5. Season to taste with salt, pepper, and additional curry powder, if desired. Sprinkle with thinly sliced green onions and serve with lemon wedges.

The first time I made this soup, I made a mistake and cooked the lentils beforehand. When I added in the 4 cups of water and cooked lentils, it was a huge mess because there was nothing to soak up the water. Please do not repeat my mistake. I still have a huge container of watery soup in my fridge and I’m not sure what to do with it…

The beauty of this soup is that you don’t cook the lentils beforehand, not only saving you a step, but also making sure there is something to soak up the 4 cups of water you will put into the pot!

It all makes perfect sense to me now.

Chop your onion, carrot, 2 garlic cloves, and celery stalk.

Gather 2 tablespoons of Extra Virgin Olive Oil and your desired curry powder.

Sauté everything in a very large skillet or pot for about 10 minutes.

It will look nice and translucent when it is ready.

FYI- The rest of the pictures below were taken in my light box at nighttime. (Post is coming on the light box!)

Be sure to add in the curry slowly and adjust to taste as curry powders vary in flavour and heat.

Add in the rinsed lentils and 4 cups of water.

Stir well. You may think you did something wrong at this point, but don’t worry because the lentils will soak up the water as they cook!

Bring to a boil and simmer on low-medium for 30 minutes or so until the lentils are tender.

I poured half of the mixture into my blender and pureed half of the soup. This is optional, but it creates a beautiful thick soup.

Add it back into the skillet and stir…

Initially, I wasn’t happy with the light box pictures, but Eric adjusted the top light last night and it seemed to help. I will be doing a post on the light box soon though. I’m just trying to play around with it a bit more before I give my thoughts on it.

Garnish with some green onions and serve with lemon wedges.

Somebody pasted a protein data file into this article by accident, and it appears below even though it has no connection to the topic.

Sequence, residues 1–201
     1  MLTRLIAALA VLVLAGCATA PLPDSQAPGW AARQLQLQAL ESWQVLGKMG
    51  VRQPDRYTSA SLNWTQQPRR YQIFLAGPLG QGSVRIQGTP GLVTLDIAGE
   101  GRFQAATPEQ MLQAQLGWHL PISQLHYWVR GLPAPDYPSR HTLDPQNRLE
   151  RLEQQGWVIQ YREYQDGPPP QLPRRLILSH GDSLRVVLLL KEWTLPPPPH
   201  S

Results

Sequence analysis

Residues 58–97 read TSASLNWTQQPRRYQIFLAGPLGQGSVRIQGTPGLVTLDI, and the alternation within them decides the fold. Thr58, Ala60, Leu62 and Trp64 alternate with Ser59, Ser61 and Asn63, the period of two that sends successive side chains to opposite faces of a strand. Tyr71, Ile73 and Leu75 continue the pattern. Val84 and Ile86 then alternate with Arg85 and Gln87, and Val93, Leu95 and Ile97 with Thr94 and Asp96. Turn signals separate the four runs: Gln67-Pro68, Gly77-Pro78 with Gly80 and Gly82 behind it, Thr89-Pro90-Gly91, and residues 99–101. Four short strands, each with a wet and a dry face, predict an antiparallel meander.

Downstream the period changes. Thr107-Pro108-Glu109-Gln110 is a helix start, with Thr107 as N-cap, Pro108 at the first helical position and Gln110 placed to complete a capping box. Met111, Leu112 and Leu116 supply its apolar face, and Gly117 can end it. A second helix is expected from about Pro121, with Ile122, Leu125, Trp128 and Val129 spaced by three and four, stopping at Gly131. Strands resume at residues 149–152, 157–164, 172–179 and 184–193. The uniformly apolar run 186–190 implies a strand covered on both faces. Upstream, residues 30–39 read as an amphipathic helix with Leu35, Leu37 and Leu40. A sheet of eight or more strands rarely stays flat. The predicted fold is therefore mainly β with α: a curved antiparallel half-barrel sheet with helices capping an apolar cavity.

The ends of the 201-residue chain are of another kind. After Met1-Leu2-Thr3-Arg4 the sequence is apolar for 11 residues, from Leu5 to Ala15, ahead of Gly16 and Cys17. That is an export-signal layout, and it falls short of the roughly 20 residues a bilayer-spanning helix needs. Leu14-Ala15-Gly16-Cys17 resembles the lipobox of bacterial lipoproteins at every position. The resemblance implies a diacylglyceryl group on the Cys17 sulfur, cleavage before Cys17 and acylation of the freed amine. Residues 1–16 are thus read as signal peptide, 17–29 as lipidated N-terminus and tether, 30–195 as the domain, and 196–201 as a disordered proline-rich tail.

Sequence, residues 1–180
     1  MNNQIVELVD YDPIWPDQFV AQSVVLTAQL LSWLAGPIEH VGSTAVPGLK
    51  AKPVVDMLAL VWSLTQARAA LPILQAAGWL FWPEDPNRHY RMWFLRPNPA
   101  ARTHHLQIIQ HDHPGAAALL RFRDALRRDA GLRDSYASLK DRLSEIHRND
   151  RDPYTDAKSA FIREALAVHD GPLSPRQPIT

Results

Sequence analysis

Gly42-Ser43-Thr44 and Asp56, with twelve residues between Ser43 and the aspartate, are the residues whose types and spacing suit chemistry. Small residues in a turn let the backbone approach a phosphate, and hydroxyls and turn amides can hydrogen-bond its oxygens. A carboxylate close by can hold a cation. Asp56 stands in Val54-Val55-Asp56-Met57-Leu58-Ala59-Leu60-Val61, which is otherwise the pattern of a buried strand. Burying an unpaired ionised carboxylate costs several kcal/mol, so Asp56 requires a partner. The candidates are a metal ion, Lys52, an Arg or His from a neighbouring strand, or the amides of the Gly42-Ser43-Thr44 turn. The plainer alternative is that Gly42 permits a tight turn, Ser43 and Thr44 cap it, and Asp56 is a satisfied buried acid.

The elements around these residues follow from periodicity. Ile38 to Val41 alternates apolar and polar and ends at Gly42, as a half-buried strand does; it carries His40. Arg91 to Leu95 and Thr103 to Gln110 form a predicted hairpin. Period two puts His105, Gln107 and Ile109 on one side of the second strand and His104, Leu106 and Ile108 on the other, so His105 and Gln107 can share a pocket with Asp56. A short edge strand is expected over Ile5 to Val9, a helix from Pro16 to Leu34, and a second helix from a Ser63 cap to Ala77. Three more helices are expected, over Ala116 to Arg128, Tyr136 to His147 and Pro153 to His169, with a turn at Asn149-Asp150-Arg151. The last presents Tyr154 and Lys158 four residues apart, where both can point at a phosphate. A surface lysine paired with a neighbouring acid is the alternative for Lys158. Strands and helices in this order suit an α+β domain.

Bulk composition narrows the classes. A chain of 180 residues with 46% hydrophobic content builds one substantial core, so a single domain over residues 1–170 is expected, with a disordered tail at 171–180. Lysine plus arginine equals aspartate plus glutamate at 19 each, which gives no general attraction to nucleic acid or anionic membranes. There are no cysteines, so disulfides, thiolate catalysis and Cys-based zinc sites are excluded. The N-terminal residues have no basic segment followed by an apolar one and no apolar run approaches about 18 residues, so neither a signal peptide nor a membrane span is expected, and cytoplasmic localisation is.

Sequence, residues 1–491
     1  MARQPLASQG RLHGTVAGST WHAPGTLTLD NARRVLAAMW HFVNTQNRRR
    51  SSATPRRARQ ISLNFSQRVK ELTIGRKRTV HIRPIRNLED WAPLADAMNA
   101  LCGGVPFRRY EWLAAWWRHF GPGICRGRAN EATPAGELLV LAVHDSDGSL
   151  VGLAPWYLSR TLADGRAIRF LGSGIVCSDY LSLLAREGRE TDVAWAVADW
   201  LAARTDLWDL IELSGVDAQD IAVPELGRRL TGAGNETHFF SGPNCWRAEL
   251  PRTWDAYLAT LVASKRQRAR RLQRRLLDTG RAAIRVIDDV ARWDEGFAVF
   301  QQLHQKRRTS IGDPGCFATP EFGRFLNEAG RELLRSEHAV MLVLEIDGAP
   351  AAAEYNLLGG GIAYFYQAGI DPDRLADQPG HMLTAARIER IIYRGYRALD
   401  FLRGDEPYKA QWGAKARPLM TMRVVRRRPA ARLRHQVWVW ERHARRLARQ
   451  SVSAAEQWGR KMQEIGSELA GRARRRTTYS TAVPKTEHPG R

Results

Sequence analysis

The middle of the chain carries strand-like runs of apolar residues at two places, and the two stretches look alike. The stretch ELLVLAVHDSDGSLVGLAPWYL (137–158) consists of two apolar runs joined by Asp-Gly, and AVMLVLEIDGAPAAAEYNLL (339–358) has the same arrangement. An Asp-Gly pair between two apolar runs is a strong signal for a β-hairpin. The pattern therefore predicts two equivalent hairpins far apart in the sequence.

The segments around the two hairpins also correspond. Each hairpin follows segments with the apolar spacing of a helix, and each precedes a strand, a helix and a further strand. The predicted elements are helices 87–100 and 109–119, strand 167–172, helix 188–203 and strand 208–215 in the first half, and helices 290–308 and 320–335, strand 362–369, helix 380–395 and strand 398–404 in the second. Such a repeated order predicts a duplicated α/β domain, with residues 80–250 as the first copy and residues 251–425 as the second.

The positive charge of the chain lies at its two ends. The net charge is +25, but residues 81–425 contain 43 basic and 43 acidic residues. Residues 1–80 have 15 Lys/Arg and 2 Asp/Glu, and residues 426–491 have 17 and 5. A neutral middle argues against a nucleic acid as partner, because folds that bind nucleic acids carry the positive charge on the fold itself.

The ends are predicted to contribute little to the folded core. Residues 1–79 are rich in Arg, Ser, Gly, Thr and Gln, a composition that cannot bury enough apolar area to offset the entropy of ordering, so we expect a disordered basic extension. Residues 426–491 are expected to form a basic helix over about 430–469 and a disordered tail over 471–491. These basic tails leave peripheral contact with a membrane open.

Every time I make it, I curse myself for not doubling the batch. It goes fast!

This weekend, we enjoyed a bowl of this soup for lunch after coming in from shoveling snow. We were sweating by the time we finished our bowls. Smoothies ensued.

Store leftovers in a jar in the fridge. Add a bow if you think it looks a bit sad.

Just make sure to hide it from others… They will act like it looks homely, but secretly, they just want to eat it all.


FAQ for curried red lentil soup

Do I need to soak or pre-cook red lentils? No you don't. That's one of the things I love most about red lentils!

Do I need to rinse red lentils? Yes. Place themin a fine sieve and run under cold water until the water runs clear.

Are red lentils healthy? You bet! They are rich in iron, magnesium, B vitamins and many others. They are an excellent plant based protein and are also high in fiber. Not soaking allows them to hang onto more nutrients.

Is this soup Vegan or Vegetarian? This recipe is not but you can substitute the chicken stock for vegetable stock or water to make it Vegan/Vegetarian.

Can I freeze it? Absolutely! It freezes perfectly and can last up to 6 months or more if you have a chest freezer.

If the finished soup is too thick you can add extra stock or water. If you prefer a creamier texture puree part or all of the soup using a hand blender. Hand blenders are one of my favourite kitchen tools. Mine is as old as the hills but if (or should I say when!) I have to replace it I would go for this one CUISINART Hand Blender. There are many different and less expensive ones to chose from. This one has the additional attachments which are handy.

This recipe makes about 3 litres or 12 cups. Plenty to enjoy for a few days or, put half of it in the freezer and have the convenience of just warming it up. You can increase or decrease the quantity by clicking on the serving size in the recipe.

If you like this recipe, have made it or have any questions please leave a comment and a rating in the section below. I'd love to hear from you!